A giant iceberg approximately 1.5 times the size of Greater Paris broke off from the northern section of Antarctica’s Brunt Ice Shelf on Feb. 26, 2021. New radar images captured by the Copernicus Sentinel-1 mission show the 1,270-square-kilometer iceberg breaking free and moving away rapidly from the floating ice shelf.
Glaciologists have been closely monitoring the many cracks and chasms that have formed in the 150-meter thick Brunt Ice Shelf during the last several years. In late-2019, a new crack was spotted in the portion of the ice shelf north of the McDonald Ice Rumples, heading toward another large crack near the Stancomb-Wills Glacier Tongue.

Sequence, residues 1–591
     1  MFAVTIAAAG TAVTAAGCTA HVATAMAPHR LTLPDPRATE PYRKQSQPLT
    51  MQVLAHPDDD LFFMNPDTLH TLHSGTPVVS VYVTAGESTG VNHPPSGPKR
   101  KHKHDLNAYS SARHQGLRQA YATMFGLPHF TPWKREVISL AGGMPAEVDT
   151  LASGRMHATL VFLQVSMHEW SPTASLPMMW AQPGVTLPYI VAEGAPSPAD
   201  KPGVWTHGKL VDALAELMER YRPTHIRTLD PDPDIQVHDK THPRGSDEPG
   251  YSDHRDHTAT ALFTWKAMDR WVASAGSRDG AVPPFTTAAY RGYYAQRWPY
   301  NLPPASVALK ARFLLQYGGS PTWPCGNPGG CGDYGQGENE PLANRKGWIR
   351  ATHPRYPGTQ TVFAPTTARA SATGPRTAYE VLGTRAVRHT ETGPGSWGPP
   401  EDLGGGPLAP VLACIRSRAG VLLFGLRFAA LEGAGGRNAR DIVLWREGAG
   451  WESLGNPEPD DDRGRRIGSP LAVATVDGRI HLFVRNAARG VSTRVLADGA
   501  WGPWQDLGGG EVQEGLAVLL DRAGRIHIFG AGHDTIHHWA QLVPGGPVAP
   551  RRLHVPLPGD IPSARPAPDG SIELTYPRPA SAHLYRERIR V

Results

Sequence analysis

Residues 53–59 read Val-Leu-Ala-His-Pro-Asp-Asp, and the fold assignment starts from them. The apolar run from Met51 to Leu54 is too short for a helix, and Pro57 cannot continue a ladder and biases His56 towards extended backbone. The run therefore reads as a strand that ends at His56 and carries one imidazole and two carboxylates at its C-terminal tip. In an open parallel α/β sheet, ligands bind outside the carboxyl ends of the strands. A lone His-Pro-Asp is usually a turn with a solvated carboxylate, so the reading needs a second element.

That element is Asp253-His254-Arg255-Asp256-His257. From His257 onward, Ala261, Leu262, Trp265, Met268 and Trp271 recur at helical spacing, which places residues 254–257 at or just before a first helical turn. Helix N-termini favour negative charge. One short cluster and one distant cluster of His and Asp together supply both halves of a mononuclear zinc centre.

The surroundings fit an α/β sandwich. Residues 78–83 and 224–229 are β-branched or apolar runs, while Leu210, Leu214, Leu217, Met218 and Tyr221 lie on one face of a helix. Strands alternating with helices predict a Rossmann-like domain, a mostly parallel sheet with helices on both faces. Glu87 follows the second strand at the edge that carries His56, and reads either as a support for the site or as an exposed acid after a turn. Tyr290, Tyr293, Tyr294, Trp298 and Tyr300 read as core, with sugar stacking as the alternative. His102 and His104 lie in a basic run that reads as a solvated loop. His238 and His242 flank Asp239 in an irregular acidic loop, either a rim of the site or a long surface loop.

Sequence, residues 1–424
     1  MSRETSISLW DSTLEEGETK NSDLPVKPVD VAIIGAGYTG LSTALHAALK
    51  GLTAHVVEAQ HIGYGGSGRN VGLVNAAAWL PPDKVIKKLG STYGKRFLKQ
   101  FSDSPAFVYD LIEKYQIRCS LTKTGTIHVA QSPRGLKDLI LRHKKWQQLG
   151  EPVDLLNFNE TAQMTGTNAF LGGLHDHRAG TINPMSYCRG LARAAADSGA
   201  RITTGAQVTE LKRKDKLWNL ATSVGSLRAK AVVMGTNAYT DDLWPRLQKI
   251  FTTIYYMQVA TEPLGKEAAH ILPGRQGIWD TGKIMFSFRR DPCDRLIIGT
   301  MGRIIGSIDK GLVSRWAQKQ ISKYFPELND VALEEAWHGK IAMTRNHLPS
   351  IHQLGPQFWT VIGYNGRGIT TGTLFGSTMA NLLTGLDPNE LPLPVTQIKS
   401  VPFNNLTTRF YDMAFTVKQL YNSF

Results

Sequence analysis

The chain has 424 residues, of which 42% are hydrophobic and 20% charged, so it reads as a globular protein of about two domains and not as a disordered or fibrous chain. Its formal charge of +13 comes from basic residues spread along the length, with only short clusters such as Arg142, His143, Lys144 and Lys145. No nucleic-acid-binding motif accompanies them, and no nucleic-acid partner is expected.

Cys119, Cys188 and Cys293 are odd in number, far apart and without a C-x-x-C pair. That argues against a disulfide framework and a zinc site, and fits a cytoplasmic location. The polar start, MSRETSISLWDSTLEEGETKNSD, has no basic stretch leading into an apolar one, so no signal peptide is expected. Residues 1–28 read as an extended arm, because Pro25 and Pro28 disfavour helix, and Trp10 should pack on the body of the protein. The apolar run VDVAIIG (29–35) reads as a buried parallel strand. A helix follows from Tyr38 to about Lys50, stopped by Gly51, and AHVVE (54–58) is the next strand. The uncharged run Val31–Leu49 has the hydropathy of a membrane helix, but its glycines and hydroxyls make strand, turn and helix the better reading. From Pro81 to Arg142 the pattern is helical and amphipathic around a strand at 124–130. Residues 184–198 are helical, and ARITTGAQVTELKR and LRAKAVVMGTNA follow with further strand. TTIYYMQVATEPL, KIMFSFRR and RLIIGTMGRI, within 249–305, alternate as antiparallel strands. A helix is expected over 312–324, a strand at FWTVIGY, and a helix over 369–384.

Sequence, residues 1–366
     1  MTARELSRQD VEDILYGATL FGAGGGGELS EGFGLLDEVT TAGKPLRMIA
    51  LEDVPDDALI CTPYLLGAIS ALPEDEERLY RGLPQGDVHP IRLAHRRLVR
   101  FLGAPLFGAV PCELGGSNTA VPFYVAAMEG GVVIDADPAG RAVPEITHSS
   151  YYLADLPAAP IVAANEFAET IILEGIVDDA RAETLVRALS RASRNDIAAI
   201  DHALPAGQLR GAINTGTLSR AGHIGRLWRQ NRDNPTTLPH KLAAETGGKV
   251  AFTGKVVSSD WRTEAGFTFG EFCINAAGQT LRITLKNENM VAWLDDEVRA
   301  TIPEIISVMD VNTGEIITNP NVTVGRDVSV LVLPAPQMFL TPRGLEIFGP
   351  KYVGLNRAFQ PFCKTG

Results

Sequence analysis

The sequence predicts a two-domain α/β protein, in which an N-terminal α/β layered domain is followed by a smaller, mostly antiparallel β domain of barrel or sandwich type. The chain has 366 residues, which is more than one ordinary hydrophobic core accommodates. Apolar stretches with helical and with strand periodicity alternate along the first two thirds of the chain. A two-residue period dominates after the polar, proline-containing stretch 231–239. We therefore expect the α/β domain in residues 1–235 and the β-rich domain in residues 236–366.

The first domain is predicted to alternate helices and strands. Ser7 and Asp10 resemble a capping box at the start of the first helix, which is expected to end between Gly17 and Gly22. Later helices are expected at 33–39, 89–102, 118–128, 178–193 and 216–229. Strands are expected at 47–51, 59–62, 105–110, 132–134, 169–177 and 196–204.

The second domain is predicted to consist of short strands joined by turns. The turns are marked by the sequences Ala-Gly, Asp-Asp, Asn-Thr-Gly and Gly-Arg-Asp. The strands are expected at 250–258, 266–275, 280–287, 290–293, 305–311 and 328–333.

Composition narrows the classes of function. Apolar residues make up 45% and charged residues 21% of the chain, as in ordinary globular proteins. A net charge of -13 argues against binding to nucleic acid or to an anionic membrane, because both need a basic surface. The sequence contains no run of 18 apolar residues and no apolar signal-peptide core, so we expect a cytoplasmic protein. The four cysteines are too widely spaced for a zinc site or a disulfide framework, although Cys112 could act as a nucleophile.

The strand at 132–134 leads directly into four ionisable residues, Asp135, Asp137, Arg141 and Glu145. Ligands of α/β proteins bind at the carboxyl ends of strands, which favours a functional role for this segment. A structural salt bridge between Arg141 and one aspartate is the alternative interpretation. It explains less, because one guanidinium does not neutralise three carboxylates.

This latest rift was closely monitored by satellite imagery as it was seen quickly cutting across the ice shelf. Recent ice-surface velocity data derived from Sentinel-1 indicated the region north of the new crack to be the most unstable, moving approximately 5 meters per day. Then the newer crack widened rapidly before finally breaking free from the rest of the floating ice shelf.
Image Credit: Contains modified Copernicus Sentinel data (2021), processed by ESA.